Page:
31/07/2012 - Defence Cuts: 20,000 to join the Dole Queue?

IT’S NOT very often that you’d see a trade union comment on military affairs – but then again Solidarity is no ordinary union!  However, the decision (made earlier this month by British Defence Secretary Philip Hammond) to cut 20,000 regular troops to save money has provoked many comments.  So what’s our take on the situation?

First of all, here’s some background information relating to the cuts:

The full-time British Army will be cut from 102,000 to 82,000 by 2020 because of budget cuts.  Of the 20,000 troops going, many will leave under a voluntary redundancy scheme.  However, the Ministry of Defence has acknowledged that the 20 per-cent cut cannot be reached by this way alone.  Lord Dannatt, the former head of the Army, has estimated that there will have to be approximately 10,000 compulsory redundancies (1).

The Guardian (2) has also noted:

“Though it is hoped many soldiers will leave under the voluntary redundancy scheme, the Ministry of Defence acknowledges the target cannot be reached without pushing some to the door.”

As we noted earlier, these redundancies are a result of the spending squeeze.  Indeed, economics have forced the army to rethink its structure - as part of a review undertaken by Lieutenant General Nick Carter. 

These changes will see the army effectively split into three sections - reaction forces (the army's spearhead, trained, equipped and prepared for speedy intervention operations anywhere in the world), adaptable forces (who would take over from the reaction forces, but would take 18 months to prepare for combat) and force troops (made up of logistical units required to support the front line – such as the artillery, engineers, signals, intelligence and medical corps).

As a trade union, it’s not really Solidarity’s place to comment on the military aspects of Lieutenant General Carter’s review.   What we can say, however, is that we hope that the Con-Dem Government will have an infrastructure in place that will support those leaving the army against their will at a time of economic uncertainty.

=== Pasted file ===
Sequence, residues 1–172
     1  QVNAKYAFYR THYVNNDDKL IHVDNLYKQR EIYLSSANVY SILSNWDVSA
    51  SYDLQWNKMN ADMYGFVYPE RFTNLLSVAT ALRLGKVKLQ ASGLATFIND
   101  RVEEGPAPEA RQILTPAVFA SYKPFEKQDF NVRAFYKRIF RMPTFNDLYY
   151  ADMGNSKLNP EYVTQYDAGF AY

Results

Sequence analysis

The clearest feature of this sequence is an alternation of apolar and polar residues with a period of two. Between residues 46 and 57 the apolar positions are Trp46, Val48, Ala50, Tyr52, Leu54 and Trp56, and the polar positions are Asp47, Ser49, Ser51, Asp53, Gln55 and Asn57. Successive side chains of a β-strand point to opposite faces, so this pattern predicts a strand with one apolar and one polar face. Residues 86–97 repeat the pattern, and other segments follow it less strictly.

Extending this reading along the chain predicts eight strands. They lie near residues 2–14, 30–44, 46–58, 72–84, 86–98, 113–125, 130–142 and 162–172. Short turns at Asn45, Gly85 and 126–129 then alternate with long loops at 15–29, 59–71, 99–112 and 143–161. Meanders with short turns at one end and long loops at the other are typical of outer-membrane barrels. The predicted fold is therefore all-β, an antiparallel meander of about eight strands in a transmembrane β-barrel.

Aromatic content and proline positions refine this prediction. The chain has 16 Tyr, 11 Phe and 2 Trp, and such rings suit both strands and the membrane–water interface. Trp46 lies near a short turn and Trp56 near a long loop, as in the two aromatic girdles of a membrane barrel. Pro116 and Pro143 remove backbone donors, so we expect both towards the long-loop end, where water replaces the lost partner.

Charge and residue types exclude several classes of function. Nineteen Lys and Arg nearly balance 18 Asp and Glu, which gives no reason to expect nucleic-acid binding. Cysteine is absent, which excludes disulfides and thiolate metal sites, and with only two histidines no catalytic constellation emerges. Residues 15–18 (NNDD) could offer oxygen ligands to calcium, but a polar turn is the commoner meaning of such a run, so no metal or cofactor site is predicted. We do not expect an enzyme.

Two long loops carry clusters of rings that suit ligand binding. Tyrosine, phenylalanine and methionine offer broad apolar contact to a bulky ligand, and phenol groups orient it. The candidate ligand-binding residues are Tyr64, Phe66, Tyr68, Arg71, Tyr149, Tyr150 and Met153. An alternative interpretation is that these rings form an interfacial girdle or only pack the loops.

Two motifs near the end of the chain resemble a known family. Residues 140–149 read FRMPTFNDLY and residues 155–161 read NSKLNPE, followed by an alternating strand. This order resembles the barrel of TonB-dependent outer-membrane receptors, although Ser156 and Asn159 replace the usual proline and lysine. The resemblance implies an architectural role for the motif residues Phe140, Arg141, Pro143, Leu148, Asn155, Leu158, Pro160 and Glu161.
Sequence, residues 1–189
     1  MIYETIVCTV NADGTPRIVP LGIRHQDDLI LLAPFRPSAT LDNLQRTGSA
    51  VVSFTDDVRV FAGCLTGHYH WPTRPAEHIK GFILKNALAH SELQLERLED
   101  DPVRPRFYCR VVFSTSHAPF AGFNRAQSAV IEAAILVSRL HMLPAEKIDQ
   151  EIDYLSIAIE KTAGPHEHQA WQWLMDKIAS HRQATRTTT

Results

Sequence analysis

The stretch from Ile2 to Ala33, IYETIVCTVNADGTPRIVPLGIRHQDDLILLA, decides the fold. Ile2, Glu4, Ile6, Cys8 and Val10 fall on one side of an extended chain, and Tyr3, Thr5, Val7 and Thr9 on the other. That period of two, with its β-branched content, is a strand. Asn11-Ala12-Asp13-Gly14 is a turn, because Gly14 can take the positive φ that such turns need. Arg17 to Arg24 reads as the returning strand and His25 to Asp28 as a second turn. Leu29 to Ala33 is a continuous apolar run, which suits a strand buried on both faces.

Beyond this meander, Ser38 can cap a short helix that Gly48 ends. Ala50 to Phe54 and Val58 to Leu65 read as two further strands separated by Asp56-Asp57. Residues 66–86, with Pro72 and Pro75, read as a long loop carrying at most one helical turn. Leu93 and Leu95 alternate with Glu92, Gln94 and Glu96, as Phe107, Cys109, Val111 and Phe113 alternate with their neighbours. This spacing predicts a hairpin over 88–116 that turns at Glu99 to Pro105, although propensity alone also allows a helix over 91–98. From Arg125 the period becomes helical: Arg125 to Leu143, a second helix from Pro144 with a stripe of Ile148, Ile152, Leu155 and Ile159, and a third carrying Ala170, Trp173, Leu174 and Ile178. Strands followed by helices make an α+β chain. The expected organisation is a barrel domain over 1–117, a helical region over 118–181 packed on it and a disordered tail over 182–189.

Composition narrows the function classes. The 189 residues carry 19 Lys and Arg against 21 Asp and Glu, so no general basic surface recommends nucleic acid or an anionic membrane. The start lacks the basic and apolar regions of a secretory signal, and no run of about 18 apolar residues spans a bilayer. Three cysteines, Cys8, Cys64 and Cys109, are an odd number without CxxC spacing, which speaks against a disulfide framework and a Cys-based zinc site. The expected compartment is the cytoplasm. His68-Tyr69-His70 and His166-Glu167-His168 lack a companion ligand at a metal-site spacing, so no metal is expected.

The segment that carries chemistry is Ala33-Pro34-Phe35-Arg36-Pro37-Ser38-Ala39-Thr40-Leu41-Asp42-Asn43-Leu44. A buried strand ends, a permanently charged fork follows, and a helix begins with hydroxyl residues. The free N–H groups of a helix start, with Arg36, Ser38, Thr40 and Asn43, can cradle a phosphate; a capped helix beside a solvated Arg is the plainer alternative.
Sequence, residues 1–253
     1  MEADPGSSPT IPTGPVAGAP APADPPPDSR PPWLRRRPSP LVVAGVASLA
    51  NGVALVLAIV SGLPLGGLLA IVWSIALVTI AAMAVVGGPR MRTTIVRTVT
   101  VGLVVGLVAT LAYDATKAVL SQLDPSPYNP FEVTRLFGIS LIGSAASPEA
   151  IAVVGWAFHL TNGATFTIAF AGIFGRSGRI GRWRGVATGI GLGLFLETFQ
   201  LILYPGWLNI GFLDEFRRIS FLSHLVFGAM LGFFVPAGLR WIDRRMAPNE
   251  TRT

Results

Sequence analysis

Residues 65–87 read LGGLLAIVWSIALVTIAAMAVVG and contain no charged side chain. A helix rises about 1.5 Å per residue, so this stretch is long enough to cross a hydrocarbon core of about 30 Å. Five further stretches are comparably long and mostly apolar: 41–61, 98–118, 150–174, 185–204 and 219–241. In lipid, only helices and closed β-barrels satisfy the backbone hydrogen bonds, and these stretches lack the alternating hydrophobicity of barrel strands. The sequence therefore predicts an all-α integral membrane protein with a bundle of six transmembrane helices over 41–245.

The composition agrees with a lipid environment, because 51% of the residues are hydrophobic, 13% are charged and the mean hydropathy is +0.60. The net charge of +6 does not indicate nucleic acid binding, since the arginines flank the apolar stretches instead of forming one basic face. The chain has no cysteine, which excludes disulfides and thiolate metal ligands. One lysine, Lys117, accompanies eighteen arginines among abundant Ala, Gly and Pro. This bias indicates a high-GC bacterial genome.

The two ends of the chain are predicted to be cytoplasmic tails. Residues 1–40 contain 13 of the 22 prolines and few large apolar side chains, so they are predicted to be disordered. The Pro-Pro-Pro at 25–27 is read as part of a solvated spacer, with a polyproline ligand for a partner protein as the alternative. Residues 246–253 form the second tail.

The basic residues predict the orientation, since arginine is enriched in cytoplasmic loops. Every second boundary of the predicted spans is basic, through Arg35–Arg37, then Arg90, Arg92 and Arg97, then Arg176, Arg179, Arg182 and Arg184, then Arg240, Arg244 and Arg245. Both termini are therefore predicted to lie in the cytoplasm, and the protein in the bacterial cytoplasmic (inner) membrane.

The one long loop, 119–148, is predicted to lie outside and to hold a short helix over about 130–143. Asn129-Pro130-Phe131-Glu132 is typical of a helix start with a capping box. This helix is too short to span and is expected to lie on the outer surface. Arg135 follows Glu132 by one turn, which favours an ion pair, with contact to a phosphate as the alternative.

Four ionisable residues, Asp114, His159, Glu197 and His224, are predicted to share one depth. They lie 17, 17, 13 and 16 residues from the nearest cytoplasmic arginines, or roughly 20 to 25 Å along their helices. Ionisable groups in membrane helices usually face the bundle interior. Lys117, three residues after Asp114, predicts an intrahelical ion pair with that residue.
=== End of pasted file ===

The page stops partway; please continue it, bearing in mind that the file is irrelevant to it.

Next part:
They may well need a greater level of support to help them adjust to civilian life.  Additionally, we’re wondering if Defence Secretary Philip Hammond – when making his decision to slash military numbers – ever took into account where are these 20,000 squaddies – and their families – going to be housed?  Where are their children going to be educated?  And what jobs (or training schemes) will be available to those leaving the army? 

Our fear is that the Con-Dem Government will have made no such provisions.  We feel that Cameron and Clegg will be happy enough to let these men and women be kicked out of the armed forces and have them fend for themselves.  In their world of casino capitalism, market forces (in other words ‘dog-eat-dog’) will sort everything out!

Solidarity believes that this is all wrong. 

Many of these squaddies will have seen active service – indeed, some of them may have been injured in the course of their duties.  Some of their comrades may have paid the ultimate sacrifice.  Just showing them the door is disrespectful in the extreme.   

So what does Solidarity suggest?  We feel a three way approach should be employed:

Firstly, this massive pool of labour should utilised in a positive way.  Instead of letting them rot on the dole or waste their time in useless training schemes (designed to ‘massage’ the unemployment figures) and dead-end ‘jobs’, their military training and discipline should initially be put to good use by instituting an emergency programme of national works. This would include re-building our transport infrastructure, cleaning up our towns and cities, making all dwellings fit and habitable and tending to the land.

Secondly, a massive package of meaningful training schemes, apprenticeships and jobs should be put together.  We also need to re-build Britain’s heavy industries and create new industries which will reduce our reliance on foreign imports.  Our education system and the NHS should also be made priorities.  


Thirdly, we would favour a move away from the cities towards a more rural, organic and rooted way of life.  We would therefore advocate that those ex-military personnel who are willing should be trained in various farming techniques.  Land (via a scheme of redistribution) and debt-free start up loans should be provided to aid this move.

Our opponents on the left and right will argue that our proposals are too idealistic or ‘pie in the sky’.  However, we believe that only radical – yet entirely practical – economic solutions such as these will be able to provide employment for (potentially) 20,000 squaddies who’ll be entering the ‘jobs market’.

If the Con-Dem Government doesn’t do anything and - as we noted earlier – relies on ‘market forces’ then we fear that the only ‘alternative’ will be longer and longer dole queues.  This is utter madness.  And, as we noted in issue 1 of English Worker (3) whilst dealing with a similar subject: “After all, what’s the point of having skilled tradesmen and workers rotting on the dole?”

Additionally, and on a human level, Solidarity Trade Union feels that our proposals will ensure that the transition of those from the armed forces to ‘civvy street’ will be as seamless and painless as possible.

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